Editor’s note: Making the Switch is an ongoing series written by recent Bellevue Dojo graduate Zach Jones. It highlights his career change from truck driver to developer with insights, anecdotes, and advice along the way. You can read Part 1 here and Part 2 here.
I mentioned last time that Web Fun (the nickname for Web Fundamentals) kicked my butt. Things have changed a little since I went through, but I found out on day 1 that we’d have a test on HTML and CSS at the end of the week, and they said it with a straight face. You’re going to learn HTML and CSS in one week, and you’re going to learn it well enough that you can do a pixel perfect recreation of a website in 5 hours.
This sort of shock can be demoralizing. Several people quit in the first week thanks to the promise of such a hardcore test, and then a couple more directly after it. I’m not telling you this to shock you, scare you, or brag about a high attrition rate. It’s not a high attrition rate. The majority of my classmates that I started day 1 with were with me on graduation day. But some people are going to see a challenge like that, and they’re going to want to pack it in. It can also shake the faith of people who really do want to give it a go. So, I wanted to say there’s only one real reason you should quit voluntarily, and that’s if you don’t like programming. All of us have days where we can take it or leave it, or where we’re stuck and frustrated, but normally we love thinking about and writing code. I dream about the stuff. It was that love that took me through the first tough portion of learning 2 new technologies in a week.
There was, of course, a lot going on in the background of my life as well. I was sleeping in my car, taking showers at the truck stop when I could, talking to my wife every day, and had many other things to worry about. On the last day of week 2 (which was a graduation day for a different cohort), a torrential storm came and the parking lot began to flood at a truly alarming rate…and I lived through hurricane Katrina. Unfortunately, I had to leave my car behind and it got a little bit flooded. Luckily, one of my new friends was kind enough to let me stay with him for the remainder of the bootcamp.
We had a two week break then for Christmas and New Years, and we came back to classes on January the 6th. During the downtime I worked on some light CSS and HTML. I also worked on game development since it was something I really enjoyed. My game development had already started to improve, even though it didn’t involve CSS and HTML at all. When you learn other programming languages and pick up adjacent skills, your other skills improve across the board. You’ll pick up new patterns that you wouldn’t have seen or thought of with just one kind of development.
The next three months have a sort of routine to them. During the first three weeks you’re preparing for an exam, and then you make something in the technology stack you just learned. Break that down further, and those three weeks tend to follow a pattern as well. During week one you’ll be focusing on learning the language of your stack, during week two you’ll learn the framework. In week three, you’ll be adding in a few small pieces like password hashing and encryption, then practicing putting everything together until the day of the exam, where you’ll make a full stack application in 5 hours.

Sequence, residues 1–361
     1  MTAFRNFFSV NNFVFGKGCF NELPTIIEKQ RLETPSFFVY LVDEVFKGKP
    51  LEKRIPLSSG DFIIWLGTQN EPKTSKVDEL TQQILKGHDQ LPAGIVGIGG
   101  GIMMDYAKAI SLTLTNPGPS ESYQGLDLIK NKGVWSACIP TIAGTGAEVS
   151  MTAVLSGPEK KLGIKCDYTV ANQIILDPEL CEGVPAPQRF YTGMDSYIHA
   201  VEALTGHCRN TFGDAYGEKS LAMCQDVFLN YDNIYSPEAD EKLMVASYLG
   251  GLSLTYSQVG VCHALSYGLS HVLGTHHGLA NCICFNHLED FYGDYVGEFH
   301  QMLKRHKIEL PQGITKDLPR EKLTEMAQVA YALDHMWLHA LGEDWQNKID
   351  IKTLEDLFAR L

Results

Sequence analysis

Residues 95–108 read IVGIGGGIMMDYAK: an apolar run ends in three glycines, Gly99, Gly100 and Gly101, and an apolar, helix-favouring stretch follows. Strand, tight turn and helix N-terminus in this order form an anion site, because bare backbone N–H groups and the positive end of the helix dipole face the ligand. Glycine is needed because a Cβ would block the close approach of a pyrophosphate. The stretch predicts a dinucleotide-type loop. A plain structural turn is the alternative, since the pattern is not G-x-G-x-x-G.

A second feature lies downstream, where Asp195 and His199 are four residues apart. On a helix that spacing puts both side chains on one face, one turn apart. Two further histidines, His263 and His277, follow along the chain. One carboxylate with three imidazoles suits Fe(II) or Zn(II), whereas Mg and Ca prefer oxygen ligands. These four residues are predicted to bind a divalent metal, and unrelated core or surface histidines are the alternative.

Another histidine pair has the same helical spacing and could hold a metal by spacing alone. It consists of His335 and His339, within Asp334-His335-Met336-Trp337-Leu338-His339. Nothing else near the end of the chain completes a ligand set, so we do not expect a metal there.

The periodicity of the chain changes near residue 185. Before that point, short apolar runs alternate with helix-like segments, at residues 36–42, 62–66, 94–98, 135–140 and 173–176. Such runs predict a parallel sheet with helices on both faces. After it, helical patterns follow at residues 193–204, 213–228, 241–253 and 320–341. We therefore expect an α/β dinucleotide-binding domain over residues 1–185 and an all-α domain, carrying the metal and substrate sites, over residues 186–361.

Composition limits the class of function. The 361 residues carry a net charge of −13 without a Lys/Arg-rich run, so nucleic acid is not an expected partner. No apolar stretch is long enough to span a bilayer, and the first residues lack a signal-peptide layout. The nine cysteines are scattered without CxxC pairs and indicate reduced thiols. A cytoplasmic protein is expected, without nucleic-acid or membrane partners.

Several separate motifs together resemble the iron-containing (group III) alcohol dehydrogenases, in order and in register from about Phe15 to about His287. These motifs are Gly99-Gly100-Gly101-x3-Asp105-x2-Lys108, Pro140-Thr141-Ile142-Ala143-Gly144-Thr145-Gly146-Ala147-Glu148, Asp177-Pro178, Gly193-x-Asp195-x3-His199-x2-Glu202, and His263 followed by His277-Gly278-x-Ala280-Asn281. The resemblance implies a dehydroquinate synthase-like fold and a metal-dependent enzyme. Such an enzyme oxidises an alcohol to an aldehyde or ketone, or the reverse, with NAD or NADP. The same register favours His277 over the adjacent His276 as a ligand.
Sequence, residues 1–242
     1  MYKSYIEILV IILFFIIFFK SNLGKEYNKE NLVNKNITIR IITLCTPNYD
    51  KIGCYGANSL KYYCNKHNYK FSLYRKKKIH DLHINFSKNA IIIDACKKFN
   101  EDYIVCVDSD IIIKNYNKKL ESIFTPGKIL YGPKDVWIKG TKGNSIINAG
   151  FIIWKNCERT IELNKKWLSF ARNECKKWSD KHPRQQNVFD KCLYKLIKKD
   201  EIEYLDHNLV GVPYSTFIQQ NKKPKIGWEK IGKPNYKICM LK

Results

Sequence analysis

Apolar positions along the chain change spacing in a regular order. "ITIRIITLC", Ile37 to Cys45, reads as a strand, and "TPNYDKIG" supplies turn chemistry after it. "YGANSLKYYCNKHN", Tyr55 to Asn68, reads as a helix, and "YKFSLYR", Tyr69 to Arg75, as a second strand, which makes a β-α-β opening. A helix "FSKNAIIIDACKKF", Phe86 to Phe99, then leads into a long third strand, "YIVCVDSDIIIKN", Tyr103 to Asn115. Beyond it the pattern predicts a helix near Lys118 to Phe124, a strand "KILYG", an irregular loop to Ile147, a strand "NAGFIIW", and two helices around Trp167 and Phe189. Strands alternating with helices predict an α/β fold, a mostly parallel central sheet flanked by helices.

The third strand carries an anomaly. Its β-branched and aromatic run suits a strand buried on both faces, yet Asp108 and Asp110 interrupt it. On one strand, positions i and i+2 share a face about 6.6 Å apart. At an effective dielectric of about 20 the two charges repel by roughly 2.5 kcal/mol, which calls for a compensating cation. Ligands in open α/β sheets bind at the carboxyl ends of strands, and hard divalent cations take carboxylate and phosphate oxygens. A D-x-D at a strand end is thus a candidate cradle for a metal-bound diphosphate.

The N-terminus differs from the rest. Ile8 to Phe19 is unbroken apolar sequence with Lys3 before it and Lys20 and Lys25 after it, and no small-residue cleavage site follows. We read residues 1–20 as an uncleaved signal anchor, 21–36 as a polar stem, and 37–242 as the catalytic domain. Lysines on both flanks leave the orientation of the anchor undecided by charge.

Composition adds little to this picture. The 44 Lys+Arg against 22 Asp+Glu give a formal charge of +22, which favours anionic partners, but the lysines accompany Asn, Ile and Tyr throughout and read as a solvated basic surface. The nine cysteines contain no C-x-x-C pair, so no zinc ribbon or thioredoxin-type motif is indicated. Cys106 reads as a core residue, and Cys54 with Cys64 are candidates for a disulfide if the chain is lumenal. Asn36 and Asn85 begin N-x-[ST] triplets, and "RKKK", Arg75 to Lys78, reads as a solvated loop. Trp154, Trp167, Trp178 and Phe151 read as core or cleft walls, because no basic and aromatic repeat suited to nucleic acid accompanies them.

My first stack was Python, and my chance to make a solid schedule for myself. I would come in at 6 AM, and leave at 10 PM every day except Sunday. Sometimes during the day I would take a power nap then keep on working. If given the opportunity, I would recommend you stay ahead of the class schedule, and do all of the extra assignments. Time for me to brag a little bit, but I managed to ace all three of these exams. If excelling at your studies is on the agenda, I recommend taking a deep dive into the platform and working on extra algorithms. The platform will teach you the framework. The algorithms will teach you how to solve problems creatively.
I was putting in a number of hours that some would call extraordinary, but I was just trying to keep it balanced. We would often take breaks to play a few rounds of a video game, or some ping pong, or just go for a walk in the area. Seattle is a great place, and the food is phenomenal. I had shawarma for the first time while I was there, and after that about 50% of my diet was shawarma.
To reiterate, I think the keys to success at a coding bootcamp are hard work, setting a schedule that works for you, and giving yourself some downtime. When lost, lean on the platform, and when that fails you lean on your instructors and cohortmates. Ah, and I didn’t say this above, but stay hydrated and fed. It’s uncommon but not unheard of for people to work so hard that they faint, so don’t be that guy/gal. In my next article I’ll be talking more in depth about the stacks, how the class structure worked for me, and my greatest challenges during the program. As always, if you have any questions please feel free to ask them in the comments.